Originally I was hoping this could be used as a complete replacement for my desktop monitor. The calibration issues really prevent this from working well. It is annoying to not be able to see text in the corner of the display clearly with both eyes. I tried watching a movie with the device while lying down. This worked well. The weight of the device was supported by the bed, so it was not uncomfortable. The corner calibration issues were hardly noticeable while watching the movie (probably because focusing on the edges wasn't necessary).

Saturday, January 09, 2016

Raspberry Pi Thermostat Instructions

Here are some details on how I put together my Raspberry Pi thermostat.



My apartment's thermostat uses a very simple mechanism to control the heater:



Connecting the red wire to the white wire turns on the heater. Near the center of the thermostat is a glass vial containing some mercury. If the vial tilts to the right the mercury creates a connection between the wires. I attached the two black wires on the bottom and use the Raspberry Pi to control the connection between the wires. The original thermostat remains fully functional: the heater will turn on if either the Raspberry Pi or the original thermostat signal it to turn on.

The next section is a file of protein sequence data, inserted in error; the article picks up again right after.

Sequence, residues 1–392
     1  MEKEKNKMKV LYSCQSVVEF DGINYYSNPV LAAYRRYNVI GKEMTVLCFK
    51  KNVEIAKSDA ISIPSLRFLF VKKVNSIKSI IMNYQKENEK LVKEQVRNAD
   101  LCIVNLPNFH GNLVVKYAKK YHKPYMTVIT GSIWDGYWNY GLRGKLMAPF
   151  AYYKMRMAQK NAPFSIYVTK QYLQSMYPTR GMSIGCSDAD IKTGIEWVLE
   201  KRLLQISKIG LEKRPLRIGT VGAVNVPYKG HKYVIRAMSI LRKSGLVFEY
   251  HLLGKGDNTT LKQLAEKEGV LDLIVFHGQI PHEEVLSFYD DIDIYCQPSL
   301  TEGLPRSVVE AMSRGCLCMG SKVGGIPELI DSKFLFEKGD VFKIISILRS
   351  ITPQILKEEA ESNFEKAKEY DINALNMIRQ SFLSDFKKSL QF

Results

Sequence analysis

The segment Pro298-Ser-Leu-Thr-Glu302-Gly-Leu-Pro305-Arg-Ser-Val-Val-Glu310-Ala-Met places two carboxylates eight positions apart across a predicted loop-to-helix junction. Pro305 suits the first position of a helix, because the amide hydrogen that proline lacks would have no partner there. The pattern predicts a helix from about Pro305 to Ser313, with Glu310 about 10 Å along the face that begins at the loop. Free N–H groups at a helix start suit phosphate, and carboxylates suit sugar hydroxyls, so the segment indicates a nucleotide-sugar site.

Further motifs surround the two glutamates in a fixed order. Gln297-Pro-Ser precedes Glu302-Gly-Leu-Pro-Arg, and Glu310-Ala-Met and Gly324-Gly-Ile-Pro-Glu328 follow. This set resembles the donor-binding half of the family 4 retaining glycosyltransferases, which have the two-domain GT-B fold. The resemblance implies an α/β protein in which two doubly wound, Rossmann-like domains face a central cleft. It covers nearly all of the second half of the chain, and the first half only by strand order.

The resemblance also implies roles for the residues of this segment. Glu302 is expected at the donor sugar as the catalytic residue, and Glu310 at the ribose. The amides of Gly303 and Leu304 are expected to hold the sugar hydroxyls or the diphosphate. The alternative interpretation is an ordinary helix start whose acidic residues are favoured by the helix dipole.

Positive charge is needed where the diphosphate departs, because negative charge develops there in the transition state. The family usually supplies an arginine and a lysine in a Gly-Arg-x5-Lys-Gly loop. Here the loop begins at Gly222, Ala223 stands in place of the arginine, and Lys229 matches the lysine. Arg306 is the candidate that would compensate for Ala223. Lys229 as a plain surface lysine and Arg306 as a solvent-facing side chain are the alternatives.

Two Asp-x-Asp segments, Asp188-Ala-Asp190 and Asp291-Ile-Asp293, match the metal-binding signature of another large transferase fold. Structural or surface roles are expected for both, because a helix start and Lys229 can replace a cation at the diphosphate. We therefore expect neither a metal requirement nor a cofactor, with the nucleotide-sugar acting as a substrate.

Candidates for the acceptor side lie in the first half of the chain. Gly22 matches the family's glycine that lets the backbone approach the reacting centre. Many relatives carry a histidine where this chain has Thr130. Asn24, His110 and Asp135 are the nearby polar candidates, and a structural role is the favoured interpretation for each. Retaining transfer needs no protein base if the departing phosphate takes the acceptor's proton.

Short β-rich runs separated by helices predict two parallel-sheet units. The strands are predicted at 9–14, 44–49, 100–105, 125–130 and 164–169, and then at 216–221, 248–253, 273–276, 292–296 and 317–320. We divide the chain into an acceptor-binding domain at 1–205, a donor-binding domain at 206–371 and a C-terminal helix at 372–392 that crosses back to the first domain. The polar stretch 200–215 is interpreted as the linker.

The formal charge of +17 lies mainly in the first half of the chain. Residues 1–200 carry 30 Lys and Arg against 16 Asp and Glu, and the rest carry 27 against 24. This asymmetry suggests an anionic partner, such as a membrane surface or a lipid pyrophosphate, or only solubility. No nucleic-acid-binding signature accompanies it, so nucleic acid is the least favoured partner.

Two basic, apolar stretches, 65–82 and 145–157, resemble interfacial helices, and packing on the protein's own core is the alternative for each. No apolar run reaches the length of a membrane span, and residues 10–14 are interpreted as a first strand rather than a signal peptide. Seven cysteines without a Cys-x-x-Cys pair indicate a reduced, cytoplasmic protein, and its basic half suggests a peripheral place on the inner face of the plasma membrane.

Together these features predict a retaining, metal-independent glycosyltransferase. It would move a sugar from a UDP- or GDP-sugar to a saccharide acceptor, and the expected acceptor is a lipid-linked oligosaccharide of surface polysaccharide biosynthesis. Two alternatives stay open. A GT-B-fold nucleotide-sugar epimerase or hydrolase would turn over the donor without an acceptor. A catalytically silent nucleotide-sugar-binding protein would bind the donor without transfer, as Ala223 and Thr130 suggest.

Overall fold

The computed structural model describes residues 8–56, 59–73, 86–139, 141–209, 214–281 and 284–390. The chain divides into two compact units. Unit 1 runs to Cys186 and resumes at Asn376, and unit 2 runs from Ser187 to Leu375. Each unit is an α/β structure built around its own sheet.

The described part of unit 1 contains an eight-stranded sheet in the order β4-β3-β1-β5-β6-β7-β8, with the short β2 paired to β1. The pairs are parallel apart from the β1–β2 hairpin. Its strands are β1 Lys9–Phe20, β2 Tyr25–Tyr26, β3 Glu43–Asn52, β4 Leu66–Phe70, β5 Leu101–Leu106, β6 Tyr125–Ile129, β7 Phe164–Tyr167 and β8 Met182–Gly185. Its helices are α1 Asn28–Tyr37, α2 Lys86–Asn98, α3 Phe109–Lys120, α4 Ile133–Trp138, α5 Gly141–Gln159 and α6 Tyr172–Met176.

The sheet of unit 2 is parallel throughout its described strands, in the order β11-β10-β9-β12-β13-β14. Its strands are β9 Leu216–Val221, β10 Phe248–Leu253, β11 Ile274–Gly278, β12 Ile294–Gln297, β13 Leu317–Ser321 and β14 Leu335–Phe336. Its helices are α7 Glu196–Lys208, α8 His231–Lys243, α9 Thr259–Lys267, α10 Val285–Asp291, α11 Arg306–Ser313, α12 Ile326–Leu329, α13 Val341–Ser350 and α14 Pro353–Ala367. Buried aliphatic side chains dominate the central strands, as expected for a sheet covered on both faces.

Materials used: The relay module controls the connection between the two heater wires. GPIO output from the Raspberry Pi can turn the connection on/off. The connection is off by default - even when the Raspberry Pi is powered off. I SSH into the Raspberry Pi to control the GPIO pin over the Internet.

Friday, January 08, 2016

Raspberry Pi Thermostat



I connected a Raspberry Pi up to the heater in my apartment. Now I can control the heater over the Internet.

Update: more details posted here.

Tuesday, January 05, 2016

An Update on Baka


[previous post]

Although Baka Analytics has stopped updating, Baka is still alive. The occasional gaps in the data were due to Baka chewing through the wire which connects the magnetic sensor to the Raspberry Pi (which I had to fix several times). The outage since September 12 is a more serious issue: all of the USB ports on the Raspberry Pi stopped working. I think Baka caused this by urinating on the Raspberry Pi (which was stored next to his cage). I have ordered a replacement Raspberry Pi to use on another project, so it is unlikely I will restart Baka Analytics.

Baka's record was running 17.31 kilometers in a single night. In total Baka was recorded running 682.29 kilometers.